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Katie Mullan: 'It's been so hard only seeing my granny through the window but she's a trouper'

 

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Katie Mullan

Katie Mullan

�INPHO/Bryan Keane

Katie Mullan

We are asking our sporting personalities how they are dealing with action coming to a halt because of the coronavirus pandemic and how it has affected their daily lives. Today, we speak to Katie Mullan (26), captain of the Ireland hockey team which exceeded all expectations in 2018 by winning silver medals at the World Cup in London. The Ballymoney player-coach will lead Ireland into an Olympic Games for the first time in Tokyo next year.

 

Q How are you keeping?

A: Well, thanks. Isolation is difficult but thankfully I have two sisters to keep me entertained. I train most mornings and I'm able to work from home. I am, however, missing my friends and team mates.

Q How have you been affected?

A: I am lucky enough that I've been able to set up work from home so I'm still doing my day job as a biomedical engineer during the week. It's such a welcome distraction from all the craziness of Covid-19 which has affected all of our lives so much.

The greatest challenge has been training by myself. It's only when your team environment is taken away from you that you really appreciate how much your team mates drive and motivate you on the pitch. I am spending a lot of quality time with my family through isolation which has been wonderful actually. It's not often we are all at home together so that's been really nice.

Q How are you keeping fit?

A: I have set up a home gym in the garden with a makeshift squat rack, some dumbbells and other equipment. It does the job but is rather weather dependent though, fortunately, that hasn't been an issue so far. Before the coronavirus took such a firm grip on our lives, I was able to get onto my local pitch for hockey and running sessions. It's been great to have my sister, Olivia, out on the pitch with me for some hockey and our one v ones can get rather competitive. More recently, I've had to revert to running in the garden and on gravel pitches near my house. I'm trying to be as creative as possible with hockey in the garden but I do miss the pitch.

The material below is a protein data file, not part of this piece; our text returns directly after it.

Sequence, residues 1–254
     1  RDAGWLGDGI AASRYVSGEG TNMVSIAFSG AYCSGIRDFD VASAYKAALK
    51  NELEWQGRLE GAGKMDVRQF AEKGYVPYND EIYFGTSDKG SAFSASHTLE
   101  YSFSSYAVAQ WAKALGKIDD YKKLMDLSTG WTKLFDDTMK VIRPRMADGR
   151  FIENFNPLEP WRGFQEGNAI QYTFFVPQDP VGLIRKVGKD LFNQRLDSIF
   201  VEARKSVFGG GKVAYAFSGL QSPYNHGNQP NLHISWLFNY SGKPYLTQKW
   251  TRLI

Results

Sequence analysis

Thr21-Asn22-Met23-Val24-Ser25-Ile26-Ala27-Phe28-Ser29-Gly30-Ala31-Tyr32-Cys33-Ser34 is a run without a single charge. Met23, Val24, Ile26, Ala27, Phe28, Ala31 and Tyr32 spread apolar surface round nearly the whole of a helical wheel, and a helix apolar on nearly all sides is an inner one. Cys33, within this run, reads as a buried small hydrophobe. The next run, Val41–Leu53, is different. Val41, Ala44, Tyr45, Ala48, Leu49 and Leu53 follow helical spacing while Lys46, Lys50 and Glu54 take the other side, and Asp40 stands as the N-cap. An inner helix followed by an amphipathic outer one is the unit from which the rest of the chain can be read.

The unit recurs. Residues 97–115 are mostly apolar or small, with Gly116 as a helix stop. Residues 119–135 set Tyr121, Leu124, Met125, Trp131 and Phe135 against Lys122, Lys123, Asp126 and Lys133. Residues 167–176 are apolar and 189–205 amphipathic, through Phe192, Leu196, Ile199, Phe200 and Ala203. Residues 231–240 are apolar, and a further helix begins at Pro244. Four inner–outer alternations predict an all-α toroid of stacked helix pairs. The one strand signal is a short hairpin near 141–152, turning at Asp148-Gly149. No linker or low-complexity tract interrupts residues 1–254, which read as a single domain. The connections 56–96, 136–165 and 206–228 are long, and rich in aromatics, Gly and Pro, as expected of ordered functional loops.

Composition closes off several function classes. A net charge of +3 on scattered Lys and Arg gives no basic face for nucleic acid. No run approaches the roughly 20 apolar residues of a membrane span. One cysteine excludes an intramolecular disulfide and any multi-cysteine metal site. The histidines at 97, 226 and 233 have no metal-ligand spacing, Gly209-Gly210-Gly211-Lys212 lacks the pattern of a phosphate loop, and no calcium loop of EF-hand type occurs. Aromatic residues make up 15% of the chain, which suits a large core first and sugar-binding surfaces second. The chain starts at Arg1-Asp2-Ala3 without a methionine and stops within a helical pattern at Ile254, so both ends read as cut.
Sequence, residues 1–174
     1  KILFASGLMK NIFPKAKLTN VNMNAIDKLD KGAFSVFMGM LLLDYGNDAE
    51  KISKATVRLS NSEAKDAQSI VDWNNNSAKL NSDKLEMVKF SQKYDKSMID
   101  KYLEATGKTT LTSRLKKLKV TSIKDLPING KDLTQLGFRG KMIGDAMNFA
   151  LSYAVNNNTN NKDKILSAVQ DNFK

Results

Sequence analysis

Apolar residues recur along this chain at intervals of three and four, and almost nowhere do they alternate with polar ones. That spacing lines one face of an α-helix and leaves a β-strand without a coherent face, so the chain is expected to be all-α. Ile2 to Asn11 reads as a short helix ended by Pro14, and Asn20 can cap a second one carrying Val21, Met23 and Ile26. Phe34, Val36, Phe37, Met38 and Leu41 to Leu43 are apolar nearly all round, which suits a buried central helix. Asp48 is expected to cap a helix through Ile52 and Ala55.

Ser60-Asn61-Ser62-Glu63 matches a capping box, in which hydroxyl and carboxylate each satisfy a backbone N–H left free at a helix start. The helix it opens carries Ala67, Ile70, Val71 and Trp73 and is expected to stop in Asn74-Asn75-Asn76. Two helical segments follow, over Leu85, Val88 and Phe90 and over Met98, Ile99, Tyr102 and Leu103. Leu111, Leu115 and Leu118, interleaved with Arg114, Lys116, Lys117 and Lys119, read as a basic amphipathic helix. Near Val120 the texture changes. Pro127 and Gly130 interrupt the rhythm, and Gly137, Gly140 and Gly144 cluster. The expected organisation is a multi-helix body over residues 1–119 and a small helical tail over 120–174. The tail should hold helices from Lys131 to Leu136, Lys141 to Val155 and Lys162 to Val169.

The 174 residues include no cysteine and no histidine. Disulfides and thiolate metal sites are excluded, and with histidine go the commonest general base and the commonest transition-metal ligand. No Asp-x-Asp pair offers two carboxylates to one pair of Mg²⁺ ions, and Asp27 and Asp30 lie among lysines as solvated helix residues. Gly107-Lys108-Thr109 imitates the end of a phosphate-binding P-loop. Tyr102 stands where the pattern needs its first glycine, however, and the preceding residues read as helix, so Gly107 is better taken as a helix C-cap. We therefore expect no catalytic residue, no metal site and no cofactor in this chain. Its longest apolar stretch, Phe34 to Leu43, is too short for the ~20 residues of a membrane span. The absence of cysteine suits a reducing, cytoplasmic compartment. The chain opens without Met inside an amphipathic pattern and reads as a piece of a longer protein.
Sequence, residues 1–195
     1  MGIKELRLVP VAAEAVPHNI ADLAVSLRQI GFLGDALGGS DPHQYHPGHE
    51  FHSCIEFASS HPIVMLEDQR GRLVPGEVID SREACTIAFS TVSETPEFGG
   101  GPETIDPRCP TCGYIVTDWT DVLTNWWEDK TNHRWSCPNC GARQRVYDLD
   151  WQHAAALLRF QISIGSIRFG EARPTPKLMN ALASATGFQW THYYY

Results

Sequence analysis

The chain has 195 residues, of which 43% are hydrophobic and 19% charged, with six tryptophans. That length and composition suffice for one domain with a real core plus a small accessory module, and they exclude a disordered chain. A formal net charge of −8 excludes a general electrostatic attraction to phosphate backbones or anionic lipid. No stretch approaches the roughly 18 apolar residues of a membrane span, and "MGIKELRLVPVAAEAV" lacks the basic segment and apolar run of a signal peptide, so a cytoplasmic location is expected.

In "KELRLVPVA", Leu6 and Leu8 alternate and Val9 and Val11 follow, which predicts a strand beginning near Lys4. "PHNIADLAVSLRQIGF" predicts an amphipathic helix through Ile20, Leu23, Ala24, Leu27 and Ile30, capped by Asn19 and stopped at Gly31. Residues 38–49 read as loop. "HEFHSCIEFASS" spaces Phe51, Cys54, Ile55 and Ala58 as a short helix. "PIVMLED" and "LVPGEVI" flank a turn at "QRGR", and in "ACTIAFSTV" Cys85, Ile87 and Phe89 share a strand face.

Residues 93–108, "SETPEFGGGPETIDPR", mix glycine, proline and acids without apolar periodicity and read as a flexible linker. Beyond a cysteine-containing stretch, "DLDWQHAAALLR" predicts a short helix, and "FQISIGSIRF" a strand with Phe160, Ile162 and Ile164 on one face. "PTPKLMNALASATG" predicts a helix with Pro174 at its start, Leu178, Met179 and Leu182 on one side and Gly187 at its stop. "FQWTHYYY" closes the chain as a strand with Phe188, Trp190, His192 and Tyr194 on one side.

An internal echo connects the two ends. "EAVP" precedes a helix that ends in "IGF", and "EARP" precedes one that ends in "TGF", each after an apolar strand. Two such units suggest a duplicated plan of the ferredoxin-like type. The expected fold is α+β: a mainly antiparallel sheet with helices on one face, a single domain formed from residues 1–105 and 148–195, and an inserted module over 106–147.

Q How are you maintaining morale, yours and the team?

A: We've been sharing training videos of ourselves and the odd entertaining one of random antics around the house. As a full squad, we have had some online meetings with staff which has been great to stay connected and focused.

The girls have done some great social media work on the importance of social distancing and washing hands and following the government's advice in general in these challenging times. Throughout these, every player has represented our team extremely well as always.

Q Where are you drawing your personal strength from now?

A: I've been very much taking this day by day. I don't want to think too far ahead about how long it will last. Each day I know what training I have to do and that's the priority when I wake up because I always feel good after it. Then I will have one or two ideas of what I want to achieve in the day and that's what motivates me. I also gain a lot of strength from keeping in contact with my team mates and friends because we are all in this together.

Q Can you recommend a book, film or box set that stay at home sports fans might enjoy?

A: I love watching the old British and Irish Lions' documentaries on DVD, like 'Living with Lions' and, most recently 'Lions Uncovered' which charts the 2017 tour when they tied the series with New Zealand. These give a good idea of the team environment on the tours which I find very interesting from a personal and hockey team perspective. For a book, I would have to recommend Legacy, the book about the All Blacks rugby team and the reasons behind their success, written by James Kerr in 2013. It's very insightful.

Q What life lessons are you learning from this?

A: It's been just amazing to see the goodness come out in people during this crisis. There are so many incredibly generous individuals out there and our communities are much stronger than we realised. We have had some amazing donations at Ballymoney hockey club to help with our delivery service of groceries and necessities to the elderly and vulnerable.

Q What is the first thing you will do when all this is over?

A: I will go round to my granny's house and give her the biggest hug I can. Then I will take her out for the day to wherever she would like. It's been so hard only seeing her through the window but she's taking it like a trouper. I also really do miss our high performance training environment with the Irish team. I won't take our full squad training sessions for granted again. I also miss Ballymoney hockey and just being around to coach them. In the club we all have great craic together and those girls are good for the soul.

Q And your message to sports fans?

A: There is light at the end of the tunnel but with this challenge there is opportunity. We can develop new skills or build better relationships with our loved ones or even stop and reflect. Make the most of your isolation time. Keep washing your hands and staying at home to help our wonderful NHS staff and protect lives. Stay safe.

Belfast Telegraph